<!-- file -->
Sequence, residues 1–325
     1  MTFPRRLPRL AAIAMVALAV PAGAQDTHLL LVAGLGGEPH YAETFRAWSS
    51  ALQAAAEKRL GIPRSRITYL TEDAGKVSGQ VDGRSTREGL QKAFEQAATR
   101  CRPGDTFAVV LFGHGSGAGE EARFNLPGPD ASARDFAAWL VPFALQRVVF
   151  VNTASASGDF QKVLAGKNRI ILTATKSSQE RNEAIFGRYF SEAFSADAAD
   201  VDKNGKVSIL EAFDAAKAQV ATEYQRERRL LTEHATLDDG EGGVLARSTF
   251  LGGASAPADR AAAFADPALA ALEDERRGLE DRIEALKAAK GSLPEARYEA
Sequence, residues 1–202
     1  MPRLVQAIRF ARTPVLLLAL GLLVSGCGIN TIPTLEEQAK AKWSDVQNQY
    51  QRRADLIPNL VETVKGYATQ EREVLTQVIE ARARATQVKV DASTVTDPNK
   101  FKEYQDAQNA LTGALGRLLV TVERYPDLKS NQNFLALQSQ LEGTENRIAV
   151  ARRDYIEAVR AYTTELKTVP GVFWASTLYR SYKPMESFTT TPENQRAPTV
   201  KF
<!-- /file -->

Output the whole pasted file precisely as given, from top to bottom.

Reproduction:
Sequence, residues 1–325
     1  MTFPRRLPRL AAIAMVALAV PAGAQDTHLL LVAGLGGEPH YAETFRAWSS
    51  ALQAAAEKRL GIPRSRITYL TEDAGKVSGQ VDGRSTREGL QKAFEQAATR
   101  CRPGDTFAVV LFGHGSGAGE EARFNLPGPD ASARDFAAWL VPFALQRVVF
   151  VNTASASGDF QKVLAGKNRI ILTATKSSQE RNEAIFGRYF SEAFSADAAD
   201  VDKNGKVSIL EAFDAAKAQV ATEYQRERRL LTEHATLDDG EGGVLARSTF
   251  LGGASAPADR AAAFADPALA ALEDERRGLE DRIEALKAAK GSLPEARYEA
Sequence, residues 1–202
     1  MPRLVQAIRF ARTPVLLLAL GLLVSGCGIN TIPTLEEQAK AKWSDVQNQY
    51  QRRADLIPNL VETVKGYATQ EREVLTQVIE ARARATQVKV DASTVTDPNK
   101  FKEYQDAQNA LTGALGRLLV TVERYPDLKS NQNFLALQSQ LEGTENRIAV
   151  ARRDYIEAVR AYTTELKTVP GVFWASTLYR SYKPMESFTT TPENQRAPTV
   201  KF